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“The Camden 28,” Human Rights Watch Traveling Film Festival
November 14, 2006 @ 7:00 pm – 9:00 pm EST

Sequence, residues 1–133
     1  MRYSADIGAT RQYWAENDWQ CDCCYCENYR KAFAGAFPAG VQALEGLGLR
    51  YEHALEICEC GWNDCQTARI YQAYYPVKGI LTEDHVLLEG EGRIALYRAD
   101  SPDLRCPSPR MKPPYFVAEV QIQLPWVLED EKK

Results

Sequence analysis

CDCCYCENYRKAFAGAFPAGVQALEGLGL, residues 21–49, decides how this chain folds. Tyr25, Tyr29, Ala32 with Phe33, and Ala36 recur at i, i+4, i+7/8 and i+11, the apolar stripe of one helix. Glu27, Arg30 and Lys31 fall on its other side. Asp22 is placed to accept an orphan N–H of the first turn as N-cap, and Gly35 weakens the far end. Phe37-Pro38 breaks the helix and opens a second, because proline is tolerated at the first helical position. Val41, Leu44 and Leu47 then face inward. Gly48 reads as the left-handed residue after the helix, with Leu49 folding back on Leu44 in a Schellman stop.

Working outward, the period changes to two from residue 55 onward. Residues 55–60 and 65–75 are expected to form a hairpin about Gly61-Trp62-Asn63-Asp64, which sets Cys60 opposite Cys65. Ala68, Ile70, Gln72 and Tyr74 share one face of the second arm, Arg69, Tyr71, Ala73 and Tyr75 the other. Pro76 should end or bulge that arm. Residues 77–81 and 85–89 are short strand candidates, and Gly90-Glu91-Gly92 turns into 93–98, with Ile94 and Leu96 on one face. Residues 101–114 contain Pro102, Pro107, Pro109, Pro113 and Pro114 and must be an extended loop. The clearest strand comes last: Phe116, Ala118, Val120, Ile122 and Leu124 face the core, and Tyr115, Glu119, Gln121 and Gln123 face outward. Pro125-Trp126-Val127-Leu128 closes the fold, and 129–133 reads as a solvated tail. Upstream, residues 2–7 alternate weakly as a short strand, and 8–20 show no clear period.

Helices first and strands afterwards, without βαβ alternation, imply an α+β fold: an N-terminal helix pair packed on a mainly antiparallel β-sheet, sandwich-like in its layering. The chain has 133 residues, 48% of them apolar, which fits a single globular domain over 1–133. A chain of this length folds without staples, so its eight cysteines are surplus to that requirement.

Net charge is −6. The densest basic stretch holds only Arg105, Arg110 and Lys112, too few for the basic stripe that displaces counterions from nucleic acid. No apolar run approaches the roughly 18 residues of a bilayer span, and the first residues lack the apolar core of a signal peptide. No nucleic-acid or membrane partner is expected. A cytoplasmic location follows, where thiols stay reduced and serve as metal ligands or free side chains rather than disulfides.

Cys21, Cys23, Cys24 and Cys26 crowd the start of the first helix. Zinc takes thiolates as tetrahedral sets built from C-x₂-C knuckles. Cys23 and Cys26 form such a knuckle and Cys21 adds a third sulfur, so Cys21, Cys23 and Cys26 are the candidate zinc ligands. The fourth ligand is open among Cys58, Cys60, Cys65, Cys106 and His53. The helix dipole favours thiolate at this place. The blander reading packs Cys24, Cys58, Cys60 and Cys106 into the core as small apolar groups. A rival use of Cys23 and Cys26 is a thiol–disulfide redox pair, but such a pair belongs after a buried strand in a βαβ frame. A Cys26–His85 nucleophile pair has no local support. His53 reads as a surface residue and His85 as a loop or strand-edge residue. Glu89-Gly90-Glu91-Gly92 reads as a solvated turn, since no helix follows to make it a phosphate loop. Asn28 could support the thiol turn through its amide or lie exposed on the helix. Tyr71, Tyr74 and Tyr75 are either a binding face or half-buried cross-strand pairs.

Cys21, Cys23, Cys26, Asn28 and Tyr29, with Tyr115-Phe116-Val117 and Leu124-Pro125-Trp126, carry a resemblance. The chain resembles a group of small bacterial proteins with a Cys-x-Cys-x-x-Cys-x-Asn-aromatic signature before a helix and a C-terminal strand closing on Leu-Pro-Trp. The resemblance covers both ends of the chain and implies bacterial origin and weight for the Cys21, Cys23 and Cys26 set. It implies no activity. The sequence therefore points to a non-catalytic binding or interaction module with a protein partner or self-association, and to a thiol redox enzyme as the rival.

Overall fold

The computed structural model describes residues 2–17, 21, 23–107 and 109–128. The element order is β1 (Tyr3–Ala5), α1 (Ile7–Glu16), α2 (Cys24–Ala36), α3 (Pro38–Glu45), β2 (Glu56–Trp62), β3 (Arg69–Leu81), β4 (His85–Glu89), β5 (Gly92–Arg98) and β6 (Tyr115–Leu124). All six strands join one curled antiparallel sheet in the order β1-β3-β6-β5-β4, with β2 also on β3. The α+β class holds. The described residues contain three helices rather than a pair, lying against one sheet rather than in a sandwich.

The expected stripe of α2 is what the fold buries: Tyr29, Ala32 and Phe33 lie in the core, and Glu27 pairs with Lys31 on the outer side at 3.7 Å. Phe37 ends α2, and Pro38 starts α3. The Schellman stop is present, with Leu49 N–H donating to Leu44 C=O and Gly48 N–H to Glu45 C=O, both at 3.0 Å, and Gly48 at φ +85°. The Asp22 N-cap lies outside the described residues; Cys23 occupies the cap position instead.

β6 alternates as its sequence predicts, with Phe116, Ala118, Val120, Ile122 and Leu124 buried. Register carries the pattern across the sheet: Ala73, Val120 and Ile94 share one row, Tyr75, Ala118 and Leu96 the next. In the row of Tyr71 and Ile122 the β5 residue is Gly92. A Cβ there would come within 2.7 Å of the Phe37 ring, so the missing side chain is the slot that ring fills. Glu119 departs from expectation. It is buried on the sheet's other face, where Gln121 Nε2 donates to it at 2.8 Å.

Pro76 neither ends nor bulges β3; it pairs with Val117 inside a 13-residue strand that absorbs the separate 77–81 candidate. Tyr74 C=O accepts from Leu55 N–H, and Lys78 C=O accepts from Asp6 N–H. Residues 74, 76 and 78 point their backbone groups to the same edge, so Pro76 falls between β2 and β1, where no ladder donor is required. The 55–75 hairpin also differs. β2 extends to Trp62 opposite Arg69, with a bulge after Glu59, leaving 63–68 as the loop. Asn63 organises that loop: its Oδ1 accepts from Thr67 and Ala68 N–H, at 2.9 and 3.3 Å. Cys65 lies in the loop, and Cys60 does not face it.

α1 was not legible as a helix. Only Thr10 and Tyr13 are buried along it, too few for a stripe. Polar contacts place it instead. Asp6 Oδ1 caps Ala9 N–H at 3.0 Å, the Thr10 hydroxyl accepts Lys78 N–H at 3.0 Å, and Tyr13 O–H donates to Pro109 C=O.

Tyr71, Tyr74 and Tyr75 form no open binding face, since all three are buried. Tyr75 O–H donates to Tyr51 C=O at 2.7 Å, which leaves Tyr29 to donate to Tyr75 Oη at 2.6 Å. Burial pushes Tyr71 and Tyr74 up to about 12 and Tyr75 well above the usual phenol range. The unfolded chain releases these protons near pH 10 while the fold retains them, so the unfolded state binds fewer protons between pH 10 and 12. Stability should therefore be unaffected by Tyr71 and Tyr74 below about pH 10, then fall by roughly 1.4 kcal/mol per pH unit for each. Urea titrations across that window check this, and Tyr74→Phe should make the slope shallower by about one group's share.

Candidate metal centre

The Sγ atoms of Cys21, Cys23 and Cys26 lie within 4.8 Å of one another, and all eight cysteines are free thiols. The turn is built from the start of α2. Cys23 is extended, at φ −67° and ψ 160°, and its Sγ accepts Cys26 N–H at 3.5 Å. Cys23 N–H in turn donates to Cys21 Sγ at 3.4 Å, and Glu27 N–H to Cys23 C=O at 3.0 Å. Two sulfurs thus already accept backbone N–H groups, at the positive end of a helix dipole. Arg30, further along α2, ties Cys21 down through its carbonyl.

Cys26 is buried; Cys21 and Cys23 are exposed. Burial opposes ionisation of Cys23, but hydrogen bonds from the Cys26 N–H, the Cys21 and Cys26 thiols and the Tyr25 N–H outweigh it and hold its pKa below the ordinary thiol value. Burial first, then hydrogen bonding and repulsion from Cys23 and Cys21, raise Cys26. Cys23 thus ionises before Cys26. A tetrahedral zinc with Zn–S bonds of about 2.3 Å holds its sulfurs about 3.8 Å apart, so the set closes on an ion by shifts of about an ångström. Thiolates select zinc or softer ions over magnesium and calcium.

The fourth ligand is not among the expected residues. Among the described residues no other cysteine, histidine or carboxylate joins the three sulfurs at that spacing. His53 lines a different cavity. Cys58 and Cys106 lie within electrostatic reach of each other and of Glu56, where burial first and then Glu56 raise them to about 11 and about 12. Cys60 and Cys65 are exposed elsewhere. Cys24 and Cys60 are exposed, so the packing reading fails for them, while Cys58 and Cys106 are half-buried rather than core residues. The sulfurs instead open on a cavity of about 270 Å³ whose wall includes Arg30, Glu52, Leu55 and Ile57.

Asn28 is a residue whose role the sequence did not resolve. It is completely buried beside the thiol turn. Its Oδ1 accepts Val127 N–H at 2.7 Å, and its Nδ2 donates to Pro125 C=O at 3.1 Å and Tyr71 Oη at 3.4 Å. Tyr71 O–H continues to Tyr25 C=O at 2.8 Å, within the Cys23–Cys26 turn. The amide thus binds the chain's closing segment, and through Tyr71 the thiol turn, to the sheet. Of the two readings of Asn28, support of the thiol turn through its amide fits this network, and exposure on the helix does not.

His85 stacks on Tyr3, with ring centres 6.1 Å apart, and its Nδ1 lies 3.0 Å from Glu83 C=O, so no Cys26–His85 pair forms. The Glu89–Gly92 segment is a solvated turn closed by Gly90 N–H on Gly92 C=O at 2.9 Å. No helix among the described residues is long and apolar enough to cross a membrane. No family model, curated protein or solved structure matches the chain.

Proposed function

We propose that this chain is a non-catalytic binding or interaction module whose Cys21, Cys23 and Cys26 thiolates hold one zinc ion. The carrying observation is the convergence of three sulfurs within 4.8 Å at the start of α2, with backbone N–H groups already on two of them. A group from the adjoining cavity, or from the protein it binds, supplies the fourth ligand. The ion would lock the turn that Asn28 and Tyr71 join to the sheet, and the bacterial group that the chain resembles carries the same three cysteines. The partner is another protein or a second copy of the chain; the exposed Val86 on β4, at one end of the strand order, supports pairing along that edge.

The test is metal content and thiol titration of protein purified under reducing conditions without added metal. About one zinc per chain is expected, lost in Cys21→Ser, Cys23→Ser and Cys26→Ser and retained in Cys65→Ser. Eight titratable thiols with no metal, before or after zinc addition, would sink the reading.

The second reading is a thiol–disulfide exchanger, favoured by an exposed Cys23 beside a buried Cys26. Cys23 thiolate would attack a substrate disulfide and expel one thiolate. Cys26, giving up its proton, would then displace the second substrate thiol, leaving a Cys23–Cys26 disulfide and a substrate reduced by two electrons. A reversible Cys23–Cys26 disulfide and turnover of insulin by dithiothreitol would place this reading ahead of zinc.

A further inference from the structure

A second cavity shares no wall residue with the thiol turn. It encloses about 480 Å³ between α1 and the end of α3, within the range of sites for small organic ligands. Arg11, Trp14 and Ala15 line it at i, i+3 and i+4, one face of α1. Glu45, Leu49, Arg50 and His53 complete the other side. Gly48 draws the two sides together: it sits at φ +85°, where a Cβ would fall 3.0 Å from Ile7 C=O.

How far would you go to stop a war? Anthony Giacchino’s film The Camden 28, tells what happened on August 22, 1971, when twenty-eight men and women in Camden, New Jersey, carried out a powerful act of civil disobedience against United States involvement in the Vietnam War. The group was part of a nonviolent antiwar movement popularly known as the “Catholic Left.” The documentary tells of the activists’ covert preparations, government intrigue, a government raid and arrest of the protesters, and an ensuing legal battle which the late Supreme Court Justice William Brennan called “one of the great trials of the twentieth century.” Thirty-five years later, key participants openly discuss their motives, their fears, and the tremendous personal costs of their actions. It is a story of resistance, friendship, and betrayal played out against the backdrop of one of the most turbulent periods in recent American history. Presented with the Department of the Arts at RPI and Women Against the War. Part of the Human Rights Watch Traveling Festival which will have screenings on November 14th, 15th, and 16th, 2006.
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